Joel’s Journal – The Weekend – 11/14/2015 – – 11/15/2015

This past week I’ve been writing  a lot about the balancing act that is work and relaxation.

I’ve come to accept that it takes a serious amount of work, a serious amount of time spent at the computer or reading or researching to make me feel accomplished, to make me feel like I’ve done something with my day.

It’s not always easy. I wish I could write 2,000 words, give myself a pat on the back and have my brain accept that we’ve done enough for the day. It doesn’t though.

There’s always more words that could be written, always more research that could be done, always more planning that could be set.

The constant need to have my foot on the gas pedal is both a blessing and a curse I guess.

If you’re like me, there is a bright side to it, you just have to accept that that’s the way you are. I know, simple right?

Once that happens you can make it a part of your life and then learn to work with it, and only when it’s fully integrated into whatever you’re doing, can you really be happy. Only then can you really relax without that voice inside your head whispering that you should be working.

But, if are able to slash out long sets of hours where you can work, divided by a little bit of a break, you should be able to run the engine pretty steadily without a breakdown.

However, weekends are generally a sacred time, as anyone can understand.

Being able to wake up without the incessant beep of an alarm, settle down with a coffee and a book and just let the morning melt away into the afternoon as you drift between the world of your book and the satisfying periods of sleep as you nap on and off. The biggest thing for me is only working when I feel like it.

There’s nothing forcing you to put the hours in at the keyboard, only the willing desire to actually be there.

But, the sad thing is, it can’t be like this every weekend.

As I mentioned, I was covering the big curling tournament that was happening here in Oshawa this past weekend and I was putting hours in each day snapping photos and trying to understand the sport I really have never played.

Now I’ll admit, I’m a bit of a snob when it comes to my weekends.

When I don’t get that necessary time to relax and reset, come Monday morning…look out.

This weekend was a little different.

Saturday morning I was able to meet up with some friends for brunch. Yeah, Oshawa has a brunch place, who knew? If you’ve never been to the Berry Hill Food Company, I highly recommend checking it out.

Working that afternoon wasn’t so bad after having a few laughs and some good conversation over coffee and eggs Benedict. Seriously though, what isn’t improved by a little coffee and eggs Benedict?

After finishing up my afternoon assignments I made the spontaneous decision to drive down to Kitchener and see the family for the night.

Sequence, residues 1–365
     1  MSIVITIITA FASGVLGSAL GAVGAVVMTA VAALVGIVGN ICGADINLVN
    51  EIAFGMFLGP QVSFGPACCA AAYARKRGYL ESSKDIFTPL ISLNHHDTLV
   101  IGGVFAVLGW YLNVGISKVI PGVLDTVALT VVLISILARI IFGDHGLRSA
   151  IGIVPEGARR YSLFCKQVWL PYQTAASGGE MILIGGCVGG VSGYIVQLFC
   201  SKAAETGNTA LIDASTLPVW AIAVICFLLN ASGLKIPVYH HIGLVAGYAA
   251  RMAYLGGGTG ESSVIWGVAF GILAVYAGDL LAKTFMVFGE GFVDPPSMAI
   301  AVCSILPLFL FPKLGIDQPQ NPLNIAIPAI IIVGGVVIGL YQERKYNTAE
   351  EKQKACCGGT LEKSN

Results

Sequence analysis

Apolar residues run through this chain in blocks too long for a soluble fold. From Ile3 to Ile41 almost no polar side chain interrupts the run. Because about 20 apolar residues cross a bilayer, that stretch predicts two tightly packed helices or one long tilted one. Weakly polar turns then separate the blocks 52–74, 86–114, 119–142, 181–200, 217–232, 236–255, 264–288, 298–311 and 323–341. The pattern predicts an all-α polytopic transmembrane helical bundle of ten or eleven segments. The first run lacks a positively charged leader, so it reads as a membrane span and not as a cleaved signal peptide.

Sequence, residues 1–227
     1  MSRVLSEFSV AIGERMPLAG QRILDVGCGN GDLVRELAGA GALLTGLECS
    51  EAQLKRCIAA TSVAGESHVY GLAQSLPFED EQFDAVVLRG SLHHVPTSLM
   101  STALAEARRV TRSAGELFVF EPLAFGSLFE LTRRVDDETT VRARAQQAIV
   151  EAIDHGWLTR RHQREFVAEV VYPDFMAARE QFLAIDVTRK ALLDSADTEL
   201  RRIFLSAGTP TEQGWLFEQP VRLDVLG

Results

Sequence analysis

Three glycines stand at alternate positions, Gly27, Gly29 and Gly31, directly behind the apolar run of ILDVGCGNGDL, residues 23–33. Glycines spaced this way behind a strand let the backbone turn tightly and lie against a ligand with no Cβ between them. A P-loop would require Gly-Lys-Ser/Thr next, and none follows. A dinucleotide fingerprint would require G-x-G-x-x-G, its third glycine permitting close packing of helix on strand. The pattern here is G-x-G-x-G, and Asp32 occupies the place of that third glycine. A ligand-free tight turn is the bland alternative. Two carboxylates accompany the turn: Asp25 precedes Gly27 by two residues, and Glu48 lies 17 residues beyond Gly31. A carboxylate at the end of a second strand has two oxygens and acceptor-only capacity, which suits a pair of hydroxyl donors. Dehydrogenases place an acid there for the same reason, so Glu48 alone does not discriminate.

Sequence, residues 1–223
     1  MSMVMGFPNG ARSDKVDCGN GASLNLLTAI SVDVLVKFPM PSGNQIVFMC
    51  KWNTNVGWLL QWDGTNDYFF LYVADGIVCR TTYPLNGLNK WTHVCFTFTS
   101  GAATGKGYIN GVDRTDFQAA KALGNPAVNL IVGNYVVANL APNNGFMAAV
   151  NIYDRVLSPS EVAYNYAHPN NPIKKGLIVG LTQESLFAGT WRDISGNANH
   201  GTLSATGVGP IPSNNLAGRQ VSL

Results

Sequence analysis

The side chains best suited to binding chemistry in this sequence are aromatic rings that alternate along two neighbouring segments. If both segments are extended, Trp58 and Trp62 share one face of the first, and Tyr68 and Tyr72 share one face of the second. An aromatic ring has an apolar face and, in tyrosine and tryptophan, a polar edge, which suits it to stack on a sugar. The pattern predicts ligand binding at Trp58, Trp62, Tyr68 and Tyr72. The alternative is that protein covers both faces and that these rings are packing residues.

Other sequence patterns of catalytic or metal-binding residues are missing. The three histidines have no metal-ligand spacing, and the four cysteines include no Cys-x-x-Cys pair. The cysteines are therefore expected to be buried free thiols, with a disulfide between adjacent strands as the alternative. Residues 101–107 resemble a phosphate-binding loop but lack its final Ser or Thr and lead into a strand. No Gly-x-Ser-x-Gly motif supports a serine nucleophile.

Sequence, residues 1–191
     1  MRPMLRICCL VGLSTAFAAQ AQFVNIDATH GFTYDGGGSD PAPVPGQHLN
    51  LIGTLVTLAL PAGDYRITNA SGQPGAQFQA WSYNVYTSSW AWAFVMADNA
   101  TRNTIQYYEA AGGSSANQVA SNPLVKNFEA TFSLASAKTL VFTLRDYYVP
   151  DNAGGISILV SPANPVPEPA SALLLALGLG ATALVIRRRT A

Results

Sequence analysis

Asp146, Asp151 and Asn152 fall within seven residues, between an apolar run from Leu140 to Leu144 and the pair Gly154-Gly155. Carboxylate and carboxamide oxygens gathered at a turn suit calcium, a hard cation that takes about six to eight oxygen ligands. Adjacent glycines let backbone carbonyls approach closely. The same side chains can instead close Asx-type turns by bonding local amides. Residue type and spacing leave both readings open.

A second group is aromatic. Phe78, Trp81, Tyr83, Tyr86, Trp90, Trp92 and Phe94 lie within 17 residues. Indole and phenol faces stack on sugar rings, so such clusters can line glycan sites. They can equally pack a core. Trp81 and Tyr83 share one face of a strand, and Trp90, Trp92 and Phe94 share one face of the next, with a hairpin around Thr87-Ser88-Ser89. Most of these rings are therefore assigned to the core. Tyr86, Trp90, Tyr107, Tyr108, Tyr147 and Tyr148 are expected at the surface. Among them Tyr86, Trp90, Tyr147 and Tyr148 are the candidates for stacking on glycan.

When living in Alberta, I hated the fact that my parents and brothers were three provinces away. I always told myself if I was back in Ontario I would take every opportunity I could to visit them, and now, being only an hour and half down the road, the quick drive is nothing compared to the distance between us before.

It was nothing special, just a typical night at the homestead having a few beers and shooting some pool.

Then, another spontaneous decision led to grabbing some beers with an old friend, beers that lasted until nearly 6 a.m.

Despite the overindulgence and the fatigue, waking up for a morning drive back to Oshawa (a couple hours after hitting the sheets) it was all made easier by the fact that I was able to squeeze in some quality time despite having to work on both of the most sacred days of the weekend.

It’s something I think we (myself included) take for granted too often, how blessed we really are.

Now, I don’t mean blessed in any sort of religious sense, I just use the word because I prefer it to saying how lucky we are. Luck implies theres some kind of chance involved and I don’t think that’s what I’m going for.

Blessed. There’s so many small things in life that we take for granted that are actually the things that give our lives flavour. The most important things in a well-cooked meal are the spices, even though they are generally the smallest of portions.

I’m talking that warm feeling of the sun on your face and the cool breeze, fresh with the smell of changing seasons. I’m talking the smell of coffee rising from your french press. I’m talking the cold bite of beer after a long day. Time with family. Time with friends.

I think these are things that people lose sight of sometimes when things get busy at work or when complacency sets in.

That’s where that balancing act comes in because too much work, or too much relaxation and you can forget what’s really important.

Thanks for reading,